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Wednesday, March 25, 2009

If It's Thursday It Must Be a Guest Author Interview!

Welcome to my second guest author interview with Tim Hooker. Today this is also part of the Red River Writers Blog Tour and I hope that any of you who are not part of this great group will join. Thank you to April Robins for arranging all of this.

Tim's bio is extensive. He has been an Instructor for several colleges, a Director of Public Relations and Marketing, a Manager of a college Reading and Writing Center, a Radio Announcer, a newspaper columnist, and a Program Coordinator for Student Services. Tim has both a Master of Fine Arts in Creative Writing and a Master of Arts in English. He currently has three published books: Rocket Man, Duncan Hambeth, Furniture King of the South, Looking for a Ci
ty and many articles of his are published in several magazines. He edits a blog with several contributors called Sushi Tuesday. Please check out his full bio, which is too large to put here.

Here is the interview and please leave your question or comments. Tim has promised to answer all and will
stay through tomorrow to answer if you were late coming.:) I'm always late, so I understand.:)

Interview with Tim Hooker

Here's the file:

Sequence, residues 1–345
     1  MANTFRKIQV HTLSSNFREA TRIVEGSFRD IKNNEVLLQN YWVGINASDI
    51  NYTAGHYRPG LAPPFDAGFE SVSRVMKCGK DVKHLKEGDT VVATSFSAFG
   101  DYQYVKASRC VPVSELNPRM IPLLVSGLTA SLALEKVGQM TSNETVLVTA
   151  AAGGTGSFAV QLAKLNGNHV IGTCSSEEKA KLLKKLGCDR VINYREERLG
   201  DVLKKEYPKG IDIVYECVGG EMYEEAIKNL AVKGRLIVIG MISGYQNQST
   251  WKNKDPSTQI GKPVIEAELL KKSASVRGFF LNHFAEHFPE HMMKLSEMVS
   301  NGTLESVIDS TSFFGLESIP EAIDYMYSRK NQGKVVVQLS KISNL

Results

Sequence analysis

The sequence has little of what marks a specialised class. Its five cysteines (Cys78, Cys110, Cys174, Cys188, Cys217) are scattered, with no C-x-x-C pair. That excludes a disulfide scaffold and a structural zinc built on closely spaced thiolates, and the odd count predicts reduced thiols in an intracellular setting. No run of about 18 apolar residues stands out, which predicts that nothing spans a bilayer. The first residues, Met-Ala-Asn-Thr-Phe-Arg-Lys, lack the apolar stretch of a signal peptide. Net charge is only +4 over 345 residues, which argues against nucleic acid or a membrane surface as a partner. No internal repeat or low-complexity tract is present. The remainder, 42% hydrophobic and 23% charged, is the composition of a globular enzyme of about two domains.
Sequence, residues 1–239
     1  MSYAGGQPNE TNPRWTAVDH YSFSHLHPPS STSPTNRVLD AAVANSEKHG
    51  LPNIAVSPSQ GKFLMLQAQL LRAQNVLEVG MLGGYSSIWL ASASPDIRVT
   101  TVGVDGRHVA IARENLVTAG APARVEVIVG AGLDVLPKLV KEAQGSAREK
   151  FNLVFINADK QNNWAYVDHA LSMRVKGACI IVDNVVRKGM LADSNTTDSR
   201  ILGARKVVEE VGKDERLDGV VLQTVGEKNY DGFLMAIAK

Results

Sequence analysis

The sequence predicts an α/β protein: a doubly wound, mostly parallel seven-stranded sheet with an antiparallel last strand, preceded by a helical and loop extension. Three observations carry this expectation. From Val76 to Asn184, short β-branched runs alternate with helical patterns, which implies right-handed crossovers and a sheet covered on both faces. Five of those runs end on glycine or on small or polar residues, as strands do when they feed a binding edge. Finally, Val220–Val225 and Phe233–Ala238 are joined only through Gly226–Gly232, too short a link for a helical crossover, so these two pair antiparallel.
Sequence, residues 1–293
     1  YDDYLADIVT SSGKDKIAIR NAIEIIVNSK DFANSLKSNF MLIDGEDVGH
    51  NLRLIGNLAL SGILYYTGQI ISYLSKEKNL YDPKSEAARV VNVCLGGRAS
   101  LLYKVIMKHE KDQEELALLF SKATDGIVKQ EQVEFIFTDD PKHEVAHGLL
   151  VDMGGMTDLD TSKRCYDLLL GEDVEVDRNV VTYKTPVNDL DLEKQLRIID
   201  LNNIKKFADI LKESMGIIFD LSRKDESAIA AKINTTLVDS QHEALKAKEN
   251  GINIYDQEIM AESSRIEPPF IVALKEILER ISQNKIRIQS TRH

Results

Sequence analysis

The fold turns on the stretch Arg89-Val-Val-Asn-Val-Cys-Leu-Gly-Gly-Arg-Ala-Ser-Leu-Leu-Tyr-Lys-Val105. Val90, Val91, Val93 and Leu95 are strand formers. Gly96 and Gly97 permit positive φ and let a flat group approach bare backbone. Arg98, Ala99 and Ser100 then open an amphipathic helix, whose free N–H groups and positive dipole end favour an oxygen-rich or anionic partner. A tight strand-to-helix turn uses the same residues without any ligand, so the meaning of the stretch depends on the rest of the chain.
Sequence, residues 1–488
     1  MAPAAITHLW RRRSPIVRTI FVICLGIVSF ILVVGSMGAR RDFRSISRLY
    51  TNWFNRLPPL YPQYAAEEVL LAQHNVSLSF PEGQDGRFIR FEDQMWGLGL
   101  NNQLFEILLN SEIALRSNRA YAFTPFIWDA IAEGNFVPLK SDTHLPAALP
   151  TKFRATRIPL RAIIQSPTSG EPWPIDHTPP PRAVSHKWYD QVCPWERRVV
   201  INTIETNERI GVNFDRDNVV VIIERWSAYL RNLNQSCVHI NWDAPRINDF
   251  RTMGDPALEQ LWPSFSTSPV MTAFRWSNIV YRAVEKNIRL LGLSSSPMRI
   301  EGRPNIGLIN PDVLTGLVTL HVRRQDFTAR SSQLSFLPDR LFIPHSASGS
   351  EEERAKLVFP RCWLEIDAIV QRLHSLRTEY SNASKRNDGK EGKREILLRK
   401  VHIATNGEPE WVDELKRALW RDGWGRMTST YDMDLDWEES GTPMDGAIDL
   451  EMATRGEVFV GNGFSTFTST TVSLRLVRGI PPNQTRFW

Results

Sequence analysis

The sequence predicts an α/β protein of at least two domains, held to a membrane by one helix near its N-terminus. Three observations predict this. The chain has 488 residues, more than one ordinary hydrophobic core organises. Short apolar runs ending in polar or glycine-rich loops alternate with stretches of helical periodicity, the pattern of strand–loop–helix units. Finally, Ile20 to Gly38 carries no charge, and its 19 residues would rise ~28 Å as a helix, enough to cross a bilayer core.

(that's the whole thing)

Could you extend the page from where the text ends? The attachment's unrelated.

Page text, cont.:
I noticed as I was reading your bio that you took your Masters twice. Why did you decide to get your MFA?

I did two masters, including the M.F.A., for several reasons. The M.A. in Writing was one of the best experiences in my life. It gave me a good grounding in all aspects of writing-- Composition, Rhetoric, Professional Writing, and Creative Writing. But, in one sense, it was still a generalist program. And, the M.F.A. was the fine-tuning I wanted in Creative Writing. Professionally speaking, I wanted the academic clout that came from holding a terminal degree. But, more specifically, I saw the M.F.A. as being to a writer what Parris Island is to a Marine. I went into the program thinking I was a writer; I left knowing I was a ***-****** writer.

Going through the M.F.A. program soaked me in the Creative Writing discipline until I became the discipline. I couldn’t take the writer out of me now, if I wanted to. And, whether I’m ever at the top of the best-seller list, the experience has gone beyond taking classes. The process has significantly contributed to me becoming me.

Your latest book, Duncan Hambeth, Furniture King of the South, is a play. What made you decide to write it in play form?